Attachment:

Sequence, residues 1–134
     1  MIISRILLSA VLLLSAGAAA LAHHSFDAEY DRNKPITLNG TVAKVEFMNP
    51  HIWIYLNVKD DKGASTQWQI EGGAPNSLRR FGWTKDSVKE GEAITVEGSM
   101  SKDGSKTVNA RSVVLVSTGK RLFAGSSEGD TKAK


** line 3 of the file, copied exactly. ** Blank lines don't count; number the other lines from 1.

    51  HIWIYLNVKD DKGASTQWQI EGGAPNSLRR FGWTKDSVKE GEAITVEGSM